Local Doctors Honored for Meaningful Use of Health Technology

COMMUNITY Released on 04.15.2013

MUVersIn an increasingly wired and digital age, more and more aspects of our lives are now “plugged in,” including the doctor’s office. The UCF College of Medicine’s Regional Extension Center (REC) is working with medical practices throughout Central Florida to switch from paper to electronic health record (EHR) systems.

On April 4, the REC honored nearly 60 local medical professionals as Meaningful Use Vanguards or (MUVers.) These individuals are leading the way by making meaningful use of electronic health records and urging their peers to do the same.

The Regional Extension Center opened in 2010, thanks to a $7.8 million federal grant and has worked with over 2,100 health providers in selecting, implementing and effectively using electronic records.  “It’s so exciting to have an opportunity to lead and to contribute to this exciting movement that’s going on in health information technology,” said Josue Rodas, executive director of the REC.  “We are creating the foundation of what’s going to happen in future generations.” So far, 2100 Central Florida health providers have started using electronic health records. The REC plans to bring 100% of them to meaningful use. Meaningful use is a set of standards for health providers, assuring that the facility is using their electronic records to improve quality, safety and efficiency for their patients. Fulfilling the extensive standards allows physicians and their practices to be eligible for Medicare and Medicaid incentives. So far, the REC has helped local physicians earn $11.8 million in incentives.

The MUV honorees work as physicians and office administrators across Central Florida and can offer advice to other medical professionals who are considering making the switch. Proponents of electronic records say they improve patient safety by reducing the number of redundant tests, improving communication with patients and identifying potentially dangerous drug interactions. The secure use of electronic records also allows better coordination of care between a patient’s various physicians.

oliveiraDr. Deborah German, vice president for medical affairs and dean of the UCF College of Medicine, presented each MUVer with a plaque and thanked them for their innovative spirit. “We need health care leaders who understand the technology and recognize that this technology will never replace the hands-on interaction that we have with our patients.” Dr. German said. “We need to use the technology to make it better and to allow us to do our jobs more effectively.”

After the awards presentation, a panel of physicians, health care administrators and insurance professionals shared their experiences with EHR technology, and their ideas for the future. Ideas included secure health information exchanges that allow hospitals, insurers and clinicians to share patient information and identify best practices for improving population health. Such exchanges can also be invaluable when patients enter a facility away from home and their local physician. Recently, Hurricane Sandy on the nation’s east coast highlighted the importance of electronic records. Severe storms forced some hospital and nursing home patients to be transferred to other locations. Health care providers were able to safely and effectively continue and coordinate care because they shared electronic health records.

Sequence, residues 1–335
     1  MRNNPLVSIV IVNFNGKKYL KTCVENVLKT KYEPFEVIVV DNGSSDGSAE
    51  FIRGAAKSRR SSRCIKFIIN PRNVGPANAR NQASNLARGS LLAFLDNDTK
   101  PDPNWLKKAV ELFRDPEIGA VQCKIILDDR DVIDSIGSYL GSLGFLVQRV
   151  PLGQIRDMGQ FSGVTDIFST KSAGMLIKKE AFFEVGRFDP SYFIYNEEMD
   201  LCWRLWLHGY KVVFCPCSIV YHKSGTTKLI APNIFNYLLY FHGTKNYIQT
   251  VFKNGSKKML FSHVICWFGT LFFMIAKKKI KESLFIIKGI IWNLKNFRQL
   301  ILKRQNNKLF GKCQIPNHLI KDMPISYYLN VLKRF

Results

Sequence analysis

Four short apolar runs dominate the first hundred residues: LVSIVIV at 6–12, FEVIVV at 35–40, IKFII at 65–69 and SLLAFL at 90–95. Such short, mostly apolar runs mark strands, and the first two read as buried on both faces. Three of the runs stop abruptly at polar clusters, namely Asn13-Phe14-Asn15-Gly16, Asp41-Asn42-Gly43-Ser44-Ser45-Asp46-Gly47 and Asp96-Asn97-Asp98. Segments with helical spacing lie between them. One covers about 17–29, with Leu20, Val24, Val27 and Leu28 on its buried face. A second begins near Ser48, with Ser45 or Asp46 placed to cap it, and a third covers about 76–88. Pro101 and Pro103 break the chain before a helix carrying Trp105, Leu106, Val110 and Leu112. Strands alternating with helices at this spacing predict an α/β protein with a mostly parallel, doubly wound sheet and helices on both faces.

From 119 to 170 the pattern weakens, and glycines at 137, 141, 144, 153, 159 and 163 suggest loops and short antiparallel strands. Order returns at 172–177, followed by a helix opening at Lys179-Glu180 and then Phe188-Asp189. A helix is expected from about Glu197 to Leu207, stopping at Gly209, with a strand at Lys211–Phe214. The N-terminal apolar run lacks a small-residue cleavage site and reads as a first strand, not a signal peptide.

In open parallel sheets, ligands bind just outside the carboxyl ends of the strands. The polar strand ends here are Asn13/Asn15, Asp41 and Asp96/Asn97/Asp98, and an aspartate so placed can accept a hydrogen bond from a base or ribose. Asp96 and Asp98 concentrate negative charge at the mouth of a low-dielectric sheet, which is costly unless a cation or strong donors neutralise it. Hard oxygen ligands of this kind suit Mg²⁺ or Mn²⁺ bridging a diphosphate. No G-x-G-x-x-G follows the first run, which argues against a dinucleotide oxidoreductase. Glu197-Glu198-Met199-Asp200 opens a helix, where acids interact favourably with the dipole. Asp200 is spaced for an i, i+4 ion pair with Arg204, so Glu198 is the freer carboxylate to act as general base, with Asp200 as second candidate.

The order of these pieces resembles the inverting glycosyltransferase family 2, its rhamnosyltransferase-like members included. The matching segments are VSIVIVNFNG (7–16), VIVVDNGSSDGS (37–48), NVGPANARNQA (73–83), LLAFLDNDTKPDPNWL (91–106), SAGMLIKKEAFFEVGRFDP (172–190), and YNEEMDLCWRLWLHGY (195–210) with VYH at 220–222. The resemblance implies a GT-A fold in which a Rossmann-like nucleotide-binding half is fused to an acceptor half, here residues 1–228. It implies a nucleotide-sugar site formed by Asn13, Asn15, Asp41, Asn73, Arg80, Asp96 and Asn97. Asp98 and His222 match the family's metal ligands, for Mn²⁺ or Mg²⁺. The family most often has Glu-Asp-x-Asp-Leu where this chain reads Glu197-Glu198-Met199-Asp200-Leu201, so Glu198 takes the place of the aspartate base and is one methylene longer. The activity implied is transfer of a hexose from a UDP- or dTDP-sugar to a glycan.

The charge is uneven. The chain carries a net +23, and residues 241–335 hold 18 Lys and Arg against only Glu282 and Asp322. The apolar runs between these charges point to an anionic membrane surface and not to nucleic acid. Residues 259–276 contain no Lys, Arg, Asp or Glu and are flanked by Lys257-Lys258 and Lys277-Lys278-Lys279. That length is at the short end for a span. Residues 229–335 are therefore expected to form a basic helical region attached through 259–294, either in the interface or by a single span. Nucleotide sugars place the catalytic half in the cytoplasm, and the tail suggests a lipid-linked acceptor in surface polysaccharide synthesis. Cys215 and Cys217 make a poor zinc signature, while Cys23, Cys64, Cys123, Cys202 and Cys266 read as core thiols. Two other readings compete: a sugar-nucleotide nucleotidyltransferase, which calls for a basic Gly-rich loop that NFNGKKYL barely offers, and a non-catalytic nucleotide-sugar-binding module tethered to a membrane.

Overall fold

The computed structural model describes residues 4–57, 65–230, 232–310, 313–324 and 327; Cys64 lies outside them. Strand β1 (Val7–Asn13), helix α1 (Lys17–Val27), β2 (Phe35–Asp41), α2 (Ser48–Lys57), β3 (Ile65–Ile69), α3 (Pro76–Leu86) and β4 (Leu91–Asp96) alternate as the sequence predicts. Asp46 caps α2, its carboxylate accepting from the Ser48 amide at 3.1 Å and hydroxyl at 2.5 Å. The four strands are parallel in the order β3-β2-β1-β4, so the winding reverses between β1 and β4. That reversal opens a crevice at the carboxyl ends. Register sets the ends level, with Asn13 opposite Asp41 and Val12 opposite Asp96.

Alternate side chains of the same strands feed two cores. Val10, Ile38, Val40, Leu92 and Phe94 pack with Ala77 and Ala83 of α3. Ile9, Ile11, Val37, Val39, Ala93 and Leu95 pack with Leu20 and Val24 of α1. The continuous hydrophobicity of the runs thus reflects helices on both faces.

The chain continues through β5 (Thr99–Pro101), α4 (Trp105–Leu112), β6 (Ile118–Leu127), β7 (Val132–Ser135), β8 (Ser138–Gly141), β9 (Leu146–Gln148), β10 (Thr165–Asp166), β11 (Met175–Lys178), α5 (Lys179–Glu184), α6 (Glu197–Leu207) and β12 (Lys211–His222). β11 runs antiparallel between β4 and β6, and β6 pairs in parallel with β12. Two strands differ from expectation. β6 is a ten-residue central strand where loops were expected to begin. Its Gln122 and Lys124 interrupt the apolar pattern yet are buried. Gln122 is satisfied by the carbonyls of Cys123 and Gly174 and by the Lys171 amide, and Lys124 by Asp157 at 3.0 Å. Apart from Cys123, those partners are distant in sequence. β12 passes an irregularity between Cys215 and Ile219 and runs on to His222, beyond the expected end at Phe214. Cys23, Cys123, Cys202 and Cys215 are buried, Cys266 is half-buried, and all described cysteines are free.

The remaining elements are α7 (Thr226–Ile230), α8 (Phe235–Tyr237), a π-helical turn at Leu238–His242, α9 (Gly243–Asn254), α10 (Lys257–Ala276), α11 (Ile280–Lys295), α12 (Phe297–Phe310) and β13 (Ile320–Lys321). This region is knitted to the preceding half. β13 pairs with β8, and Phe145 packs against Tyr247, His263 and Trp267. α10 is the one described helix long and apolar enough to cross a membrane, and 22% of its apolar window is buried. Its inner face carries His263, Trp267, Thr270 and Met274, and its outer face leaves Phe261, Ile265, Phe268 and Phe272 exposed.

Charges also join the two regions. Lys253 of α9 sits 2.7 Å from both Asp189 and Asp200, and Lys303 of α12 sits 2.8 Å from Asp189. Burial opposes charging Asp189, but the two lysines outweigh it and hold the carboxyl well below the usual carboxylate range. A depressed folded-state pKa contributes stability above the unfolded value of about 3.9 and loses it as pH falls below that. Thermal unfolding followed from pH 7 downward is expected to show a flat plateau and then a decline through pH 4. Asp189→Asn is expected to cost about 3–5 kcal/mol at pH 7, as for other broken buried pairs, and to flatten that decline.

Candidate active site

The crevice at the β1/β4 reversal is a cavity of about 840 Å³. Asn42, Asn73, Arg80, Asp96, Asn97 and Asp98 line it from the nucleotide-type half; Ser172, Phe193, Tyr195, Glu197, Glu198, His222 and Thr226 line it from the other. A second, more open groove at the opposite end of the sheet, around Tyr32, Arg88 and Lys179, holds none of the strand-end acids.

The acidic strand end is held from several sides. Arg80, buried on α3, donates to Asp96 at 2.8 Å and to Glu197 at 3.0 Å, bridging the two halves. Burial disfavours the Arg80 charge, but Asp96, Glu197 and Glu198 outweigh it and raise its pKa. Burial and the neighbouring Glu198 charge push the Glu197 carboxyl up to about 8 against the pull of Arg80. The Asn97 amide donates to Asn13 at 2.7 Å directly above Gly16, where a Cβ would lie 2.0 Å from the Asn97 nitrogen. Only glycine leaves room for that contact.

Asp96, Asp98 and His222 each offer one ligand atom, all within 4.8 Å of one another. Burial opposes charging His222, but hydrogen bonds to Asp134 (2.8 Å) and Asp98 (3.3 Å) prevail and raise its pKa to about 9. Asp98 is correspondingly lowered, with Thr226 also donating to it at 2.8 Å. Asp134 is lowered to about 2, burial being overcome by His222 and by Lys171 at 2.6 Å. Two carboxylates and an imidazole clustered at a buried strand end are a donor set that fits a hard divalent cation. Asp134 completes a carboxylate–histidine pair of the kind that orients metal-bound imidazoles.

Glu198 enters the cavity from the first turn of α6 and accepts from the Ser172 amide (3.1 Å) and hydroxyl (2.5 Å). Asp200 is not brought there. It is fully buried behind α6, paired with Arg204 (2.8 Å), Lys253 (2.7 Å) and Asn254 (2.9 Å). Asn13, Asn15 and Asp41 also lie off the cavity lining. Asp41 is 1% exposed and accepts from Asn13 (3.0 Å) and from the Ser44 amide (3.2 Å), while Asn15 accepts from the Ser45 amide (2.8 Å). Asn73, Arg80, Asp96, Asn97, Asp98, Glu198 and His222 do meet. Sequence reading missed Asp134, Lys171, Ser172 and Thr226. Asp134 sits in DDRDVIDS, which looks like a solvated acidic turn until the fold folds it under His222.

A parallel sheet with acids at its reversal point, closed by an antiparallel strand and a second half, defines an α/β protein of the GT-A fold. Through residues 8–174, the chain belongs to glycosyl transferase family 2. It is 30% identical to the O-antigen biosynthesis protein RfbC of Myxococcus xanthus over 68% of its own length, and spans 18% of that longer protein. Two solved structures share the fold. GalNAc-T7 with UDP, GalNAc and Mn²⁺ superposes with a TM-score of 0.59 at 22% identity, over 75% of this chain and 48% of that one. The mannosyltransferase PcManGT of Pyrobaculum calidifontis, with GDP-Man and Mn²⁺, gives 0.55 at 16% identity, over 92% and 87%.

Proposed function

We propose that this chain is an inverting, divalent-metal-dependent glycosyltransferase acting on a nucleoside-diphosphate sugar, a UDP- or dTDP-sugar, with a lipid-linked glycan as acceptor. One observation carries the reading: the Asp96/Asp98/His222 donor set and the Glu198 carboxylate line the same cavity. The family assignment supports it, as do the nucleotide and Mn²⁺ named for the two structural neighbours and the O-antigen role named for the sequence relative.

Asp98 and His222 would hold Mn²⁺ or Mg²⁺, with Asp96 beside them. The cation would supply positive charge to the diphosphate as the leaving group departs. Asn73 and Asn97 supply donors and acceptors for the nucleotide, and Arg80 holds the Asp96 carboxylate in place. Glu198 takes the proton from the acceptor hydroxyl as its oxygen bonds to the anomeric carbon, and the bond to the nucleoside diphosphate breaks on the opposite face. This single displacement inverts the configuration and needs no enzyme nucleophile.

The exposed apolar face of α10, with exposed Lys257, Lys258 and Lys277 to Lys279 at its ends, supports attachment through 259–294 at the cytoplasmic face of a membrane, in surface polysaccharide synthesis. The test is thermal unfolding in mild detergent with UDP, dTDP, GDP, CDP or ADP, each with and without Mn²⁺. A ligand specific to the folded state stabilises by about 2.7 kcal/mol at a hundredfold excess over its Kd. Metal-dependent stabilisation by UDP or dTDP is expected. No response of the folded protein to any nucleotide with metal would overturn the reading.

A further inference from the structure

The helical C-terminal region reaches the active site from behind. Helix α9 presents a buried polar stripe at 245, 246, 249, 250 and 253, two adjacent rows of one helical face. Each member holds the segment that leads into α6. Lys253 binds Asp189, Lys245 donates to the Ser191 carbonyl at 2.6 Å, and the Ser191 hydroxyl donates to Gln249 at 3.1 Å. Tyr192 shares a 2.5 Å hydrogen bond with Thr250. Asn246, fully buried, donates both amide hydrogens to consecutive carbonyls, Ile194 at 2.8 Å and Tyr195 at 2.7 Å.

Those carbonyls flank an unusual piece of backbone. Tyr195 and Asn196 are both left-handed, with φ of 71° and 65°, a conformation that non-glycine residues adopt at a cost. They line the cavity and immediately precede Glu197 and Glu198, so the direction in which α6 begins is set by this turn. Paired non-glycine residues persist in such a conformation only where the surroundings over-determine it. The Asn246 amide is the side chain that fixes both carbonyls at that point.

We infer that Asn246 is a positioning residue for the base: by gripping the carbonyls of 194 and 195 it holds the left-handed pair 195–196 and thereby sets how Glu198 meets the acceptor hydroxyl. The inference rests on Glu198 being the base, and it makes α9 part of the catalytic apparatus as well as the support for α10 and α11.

One of the panelists was Dr. Leonardo Oliveira, a sports medicine specialist at UCF Health, the College of Medicine’s physician practice. Dr. Oliveira was honored as a Meaningful Use Vanguard and serves as director of quality and safety at UCF Health, where he has spearheaded efforts to implement electronic records. “Physicians want to practice at the top of their license and do the best for their patients,” he said. “We really think that the use of EHRs can allow us to provide great quality care for our patients, and we’re excited for the next steps.”

 

UCF College of Medicine Regional Extension Center Meaningful Use Vanguard Honorees:

Stephen Asmann, M.D. Marze Houellemont, P.A.
Abdo Asmar, M.D. Robert Howard
Abu Azizullah, M.D. Cara Jakob, M.D.
Shazia Beg, M.D. Christopher Jordan
Stephen Berman, M.D. Augustine Joseph, M.D.
Lisa Burdue Sarah Kaylor
Maria Cannarozzi, M.D. Marcy LeVee
Tammy Coffman Valerie Lewis
Sigornee Colby David Lichtinger, M.D.
Martha Coleman Terry Mach
Azita Cooke Hope Maddix, N.P.
John Cooke, M.D. Dee Dee Meyer
Georg Couturier, M.D. Alfred Moffett, M.D.
Memory Crowley, M.D. Douglas Moffett, M.D.
Mariana Dangiolo, M.D. Adinarayanamurthy Nallamshetty, M.D.
Raj Desai Jasvendar Nandra, M.D.
Kalpana Desai, M.D. Thanh Nguyen, M.D.
Margaret Eastham, M.D. Theresa Oakley, M.D.
Sidi Elalaoui, M.D. Leonardo Oliveira, M.D.
George Elias, M.D. Joyce Paulson, M.D.
Karen England Ann Pike
Dawn Farmer Purnima Rao, M.D.
Penny Feagle Victor Roberts, M.D.
Drew Findley Anna Roth, P.A
Sharon Findley, M.D. Sergio Salazar, M.D.
Debbie German Ashley Sharma, M.D.
Bernard Gros, M.D. Melissa Shilling
Christopher Guzik, M.D. Deborah Townsend
Nadia Hilal Sherry Tutor
Amy Hjort, M.D. Niki Warens
Michelle Hornstein, M.D. Michelle Wood, M.D.

 

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